Shrek 2 Movie Review

When Prince Charming (Rupert Everett) pulls off his helmet to reveal a hairnet in the first minute of Shrek 2, it's clear the sequel intends to match the wit and style of its predecessor. Fortunately it succeeds, finding new targets for its fairy-tale bashing humor. The result is the kind of summer escapism you don't need to lower your expectations to enjoy.

The sequel begins where part one left off. Ogre Shrek (Mike Myers) and his now equally ogre-rific wife Fiona (Cameron Diaz) embark on a hilarious honeymoon montage, complete with mermaid-tossing. They return to find Donkey (Eddie Murphy) still fulfilling his role as "annoying talking animal." Before they can kick him out, however, they receive an invitation from Fiona's parents, King Harold (John Cleese) and Queen Lillian (Julie Andrews), who want to meet their daughter's new husband. Unfortunately, they didn't see the first film, and have no idea that their daughter is now permanently of the green persuasion, as is their new son-in-law.

Shrek reluctantly agrees to accept the invite and his worst fears are confirmed when Fiona's father rejects him and his own stubborn behavior alienates Fiona. Enter The Fairy Godmother (Jennifer Saunders) who appears to want to help but is only interested in fixing up Fiona with Prince Charming.

The usual hijinks ensue, culminating in another race against time to prevent Fiona from ending up with the wrong guy, but along the way the filmmakers find fresh fodder for their wry parody. Where the first film poked fun primarily at Disney, the second broadens the scope to include all of Hollywood. Far Far Away, the land in which Fiona's parents reside, stands in for Beverly Hills, complete with fenced in mansions for Snow White and Cinderella and high priced shopping at "Versarchery." The Fairy Godmother comes off as a high-priced agent, promising Fiona the life of her dreams via potions, spells, and makeovers. L.A., in fact, seems a richer target for the franchise's satire given the emphasis both stories place on the dangers of looking only skin deep.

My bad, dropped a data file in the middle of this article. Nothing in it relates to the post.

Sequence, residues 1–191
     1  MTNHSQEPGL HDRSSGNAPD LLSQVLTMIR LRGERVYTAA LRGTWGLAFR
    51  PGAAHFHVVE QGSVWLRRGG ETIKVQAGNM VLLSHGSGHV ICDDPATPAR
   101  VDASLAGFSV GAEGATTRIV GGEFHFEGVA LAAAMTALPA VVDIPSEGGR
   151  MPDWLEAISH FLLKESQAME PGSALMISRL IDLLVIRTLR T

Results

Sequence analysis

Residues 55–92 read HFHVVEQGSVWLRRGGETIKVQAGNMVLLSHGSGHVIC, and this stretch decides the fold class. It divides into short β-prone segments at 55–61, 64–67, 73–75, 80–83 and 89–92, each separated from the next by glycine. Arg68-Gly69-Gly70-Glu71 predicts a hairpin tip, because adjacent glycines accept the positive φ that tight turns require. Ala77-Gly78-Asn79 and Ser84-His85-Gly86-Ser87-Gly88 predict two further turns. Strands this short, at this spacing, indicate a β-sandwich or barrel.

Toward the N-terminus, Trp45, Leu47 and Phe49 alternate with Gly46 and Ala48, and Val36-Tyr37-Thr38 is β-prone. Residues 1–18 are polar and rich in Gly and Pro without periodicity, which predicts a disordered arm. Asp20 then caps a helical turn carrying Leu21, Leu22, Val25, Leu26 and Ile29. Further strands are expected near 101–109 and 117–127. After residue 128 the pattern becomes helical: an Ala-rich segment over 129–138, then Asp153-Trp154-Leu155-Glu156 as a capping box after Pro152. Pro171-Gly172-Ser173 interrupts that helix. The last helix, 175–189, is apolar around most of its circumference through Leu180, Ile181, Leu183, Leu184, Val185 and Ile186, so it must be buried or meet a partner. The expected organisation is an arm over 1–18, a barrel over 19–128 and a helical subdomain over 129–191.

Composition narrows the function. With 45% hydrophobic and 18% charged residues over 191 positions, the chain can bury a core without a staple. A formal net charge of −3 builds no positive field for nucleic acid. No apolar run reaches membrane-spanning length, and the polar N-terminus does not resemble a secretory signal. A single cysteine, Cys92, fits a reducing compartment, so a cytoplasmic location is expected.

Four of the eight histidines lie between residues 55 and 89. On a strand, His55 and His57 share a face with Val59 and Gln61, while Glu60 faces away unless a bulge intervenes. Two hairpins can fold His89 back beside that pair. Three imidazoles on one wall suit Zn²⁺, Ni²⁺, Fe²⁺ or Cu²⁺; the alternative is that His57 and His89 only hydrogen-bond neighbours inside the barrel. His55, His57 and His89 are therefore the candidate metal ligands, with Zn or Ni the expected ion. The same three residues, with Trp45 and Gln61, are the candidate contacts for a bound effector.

The sequel also provides colorful new supporting characters. Antonio Banderas nearly steals the show as Puss-in-Boots, a cute but ferocious kitten who joins forces with Shrek after initially being hired to kill him. His first attack is interrupted by the funniest hairball in history. Larry King gets some laughs as The Ugly Stepsister, an information peddler in the criminal underworld of fairy-tale villains. And Everett hits all the right notes as the pompous and pouty Charming.

One of the strengths of the original was the unpredictable soundtrack, which gave mainstream artists like Smash Mouth and hip icons like Leonard Cohen equal priority. That tradition continues here with Ricky Martin sharing score space with Tom Waits and Nick Cave. The songs may be a little overdone this time, but by and large they add to the fun.

The most satisfying aspect of this sequel is the fun the writers have with the conventions of the fairy-tale genre. We see a factory that makes spells and the bar that all the fairy-tale villains frequent. As with the first movie, a great deal of imagination seems to have gone into this effort. The fact that the filmmakers didn't rest on the laurels of the original (even if they did rehash the basic plot) makes this film stand on its own as, if not a necessary sequel, certainly a welcome one.

Stick around for the credits on the Shrek 2 DVD -- a short coda added for the video release follows the feature. Also you'll find a rather silly American Idol satire, plus loads of behind-the-scenes footage, from technical tests to cast interviews and commentary tracks. Recommended!

It's what's for dinner.


Comments

Shrek 2 Rating

" Good "

Rating: PG, 2004

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